- The Met are in charge of investigating themselves


I think Hazel Blears said pretty much the same thing in Parliament, which is a shock for her to be so cogent.
posted by Jehan at 5:11 AM on July 7, 2011


The police are also looking into at the Jim Sheridan perjury trial, where he claimed he had no knowledge of payments to the police, among other things.
posted by dng at 5:12 AM on July 7, 2011


That should have read "looking into Andy Coulson's testimony at the Jim Sheridan perjury trial..." but I appear to have messed it all up.
posted by dng at 5:14 AM on July 7, 2011


longbaugh: Anyone have any suggestions as to the best means to influence the decision?

How about forwarding them the list of advertisers who have pulled their ads already?
posted by Acey at 5:19 AM on July 7, 2011 [1 favorite]


Holy shit, holy fucking shit. From rodgerd's last link:

Brooks was summoned to a meeting at Scotland Yard where she was told that one of her most senior journalists, Alex Marunchak, had apparently agreed to use photographers and vans leased to the paper to run surveillance on behalf of Jonathan Rees and Sid Fillery, two private investigators who were suspected of murdering their former partner, Daniel Morgan. The Yard saw this as a possible attempt to pervert the course of justice.


The "holy shit" moment should be reserved for two things about that case. The first that it happened in 1987, and secondly that the issue of police corruption has been a major concern in that case. When the phone hacking allegations spread properly to the Metropolitan Police, it might be as bad as the News of the World in terms of outrage. The officers with links to Coulson and Marunchak could open up a window on a whole lot more corruption people have always suspected to exist.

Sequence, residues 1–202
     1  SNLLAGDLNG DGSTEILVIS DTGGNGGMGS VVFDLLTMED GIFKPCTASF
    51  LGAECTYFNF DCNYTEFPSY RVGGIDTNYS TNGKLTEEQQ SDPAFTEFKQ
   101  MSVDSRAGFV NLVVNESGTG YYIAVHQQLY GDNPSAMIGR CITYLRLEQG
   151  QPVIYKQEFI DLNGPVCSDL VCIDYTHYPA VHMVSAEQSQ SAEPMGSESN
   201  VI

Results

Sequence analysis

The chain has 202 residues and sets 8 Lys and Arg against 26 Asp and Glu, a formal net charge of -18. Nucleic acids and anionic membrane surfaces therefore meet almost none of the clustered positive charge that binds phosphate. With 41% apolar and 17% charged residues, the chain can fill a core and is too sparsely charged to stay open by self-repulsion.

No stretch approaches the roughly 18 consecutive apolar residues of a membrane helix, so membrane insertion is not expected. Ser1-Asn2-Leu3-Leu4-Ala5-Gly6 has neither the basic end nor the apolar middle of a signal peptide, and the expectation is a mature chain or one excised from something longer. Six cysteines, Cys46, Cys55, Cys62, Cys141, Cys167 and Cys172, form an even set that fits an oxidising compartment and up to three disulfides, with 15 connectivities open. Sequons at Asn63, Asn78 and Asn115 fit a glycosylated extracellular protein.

posted by Jehan at 5:20 AM on July 7, 2011


Craig Murray: - Above the Law
Why have the police not been into all of News International’s offices, particularly its HQ, and removed all the hard drives, rather than waiting for News International voluntarily to sort through their own emails and hand over what they choose?
The Met even raided Damian Green’s House of Commons office, but they treat News International precisely as though it were a foreign embassy with diplomatic immunity.
How can Lord Macdonald be acting as their lawyer now, when he was the Director of Public Prosecutions responsible for inaction on this some years past?
This scandal is fascinating because it has the potential to expose so many layers of the cosy corruption of the British establishment.
posted by adamvasco at 5:32 AM on July 7, 2011 [1 favorite]


If there's a silver lining in all this, it's that there's a good chance News International will never wield the same power in Britain again. They have been so untouchable for so long, that they've become extremely complacent. Abusing the privacy of celebrities and politicians might be something the public care little about, but hacking victims of murders and terrorism and war are unforgivable, and impossible to get away with in the long run.